The Netherlands also contributes to this by taking an integrated approach to military missions and operations in an alliance.

The digital domain will play an important role in every future conflict and the government determines that for the effective execution of the second main task of the armed forces in the digital domain, further development of cyber capacities is necessary. In order to create more dominance in the digital domain when deploying the armed forces for the promotion of the international legal order, Defense will further invest in the following capacities and concepts in the coming years.

1. Creation of composite cyber mission teams

As part of the military capability, cyber capabilities can contribute to military missions and operations. To enable military action in the digital domain, in-depth knowledge must be available at an early stage about vulnerabilities within systems of potential opponents. Based on its statutory tasks, the MIVD supports the DCC with information that is necessary for an effective military deployment in the digital domain. Because intelligence and military operations in the digital domain require similar knowledge and skills, cyber mission teams, consisting of both MIVD personnel and staff of the armed forces, are formed on an international basis. The designated employees operate within the framework of the ISS (in Dutch: Wiv2017) and are placed under the command of the Commander of the Armed Forces within the relevant mandate when deploying the armed forces. If necessary, components from DefCERT and the operational commands will also be added to these teams. In order to be able to test military deployment in the cyber domain for legitimacy, the Royal Netherlands Marechaussee is investing in knowledge-building in this area.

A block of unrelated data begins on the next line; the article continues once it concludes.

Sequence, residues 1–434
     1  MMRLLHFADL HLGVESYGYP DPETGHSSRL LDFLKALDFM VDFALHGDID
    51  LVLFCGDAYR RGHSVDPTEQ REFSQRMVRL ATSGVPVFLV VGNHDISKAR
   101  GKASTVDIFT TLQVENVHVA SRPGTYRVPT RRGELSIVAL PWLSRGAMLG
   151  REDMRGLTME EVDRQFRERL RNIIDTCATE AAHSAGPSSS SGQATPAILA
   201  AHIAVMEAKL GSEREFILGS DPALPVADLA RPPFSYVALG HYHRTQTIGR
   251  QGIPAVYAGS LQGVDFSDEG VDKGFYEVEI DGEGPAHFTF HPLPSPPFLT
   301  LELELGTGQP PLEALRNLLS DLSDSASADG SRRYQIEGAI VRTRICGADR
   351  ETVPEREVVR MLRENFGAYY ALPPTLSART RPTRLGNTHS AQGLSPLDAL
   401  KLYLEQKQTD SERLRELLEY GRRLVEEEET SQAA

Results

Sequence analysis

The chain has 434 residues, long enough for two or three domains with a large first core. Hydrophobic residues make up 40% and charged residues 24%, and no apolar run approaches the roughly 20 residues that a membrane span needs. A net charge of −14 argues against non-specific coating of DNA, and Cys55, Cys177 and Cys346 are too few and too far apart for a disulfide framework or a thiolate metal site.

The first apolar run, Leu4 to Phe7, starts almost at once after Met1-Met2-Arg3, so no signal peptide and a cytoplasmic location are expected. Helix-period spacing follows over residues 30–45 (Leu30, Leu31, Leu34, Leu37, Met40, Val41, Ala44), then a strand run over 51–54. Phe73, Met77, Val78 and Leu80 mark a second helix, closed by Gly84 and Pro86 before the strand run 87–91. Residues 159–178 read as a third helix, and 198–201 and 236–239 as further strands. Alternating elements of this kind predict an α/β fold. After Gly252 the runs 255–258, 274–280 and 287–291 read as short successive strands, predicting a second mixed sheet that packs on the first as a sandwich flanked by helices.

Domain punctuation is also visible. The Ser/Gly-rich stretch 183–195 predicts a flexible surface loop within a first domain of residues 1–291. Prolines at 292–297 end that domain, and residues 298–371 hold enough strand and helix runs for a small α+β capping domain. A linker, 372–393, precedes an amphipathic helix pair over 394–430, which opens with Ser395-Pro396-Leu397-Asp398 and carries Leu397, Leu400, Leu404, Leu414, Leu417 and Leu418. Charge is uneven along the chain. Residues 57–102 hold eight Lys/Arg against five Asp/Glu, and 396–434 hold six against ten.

2. Cyber ​​capacities as a fixed component in military planning

The digital aspect is taken into consideration at an early stage of the planning phase of each (potential) mission. This is expressed in (military) advice and analysis by the Operations Directorate and subsequent (operation) planning. When the armed forces are actually deployed to maintain and promote the international legal order, Article 100 of the Dutch constitution applies to the provision of information to the Dutch States General. Article 100 states that the government is obliged to inform the States General in advance of “the deployment or the provision of the armed forces for the maintenance or promotion of the international legal order.” ‘Article 100 letters’ will from now on include a cyber paragraph when relevant to a mission. This paragraph lays down, within the limits of what can be shared publicly, what contribution military cyber capabilities make to the mission or operation in question. In this way, the MoD is promoting awareness, inside and outside its own organization, of the increasing importance of the digital domain as a fully-fledged domain of military action.

Chapter III: Conditions: personnel, knowledge development and innovation and cryptography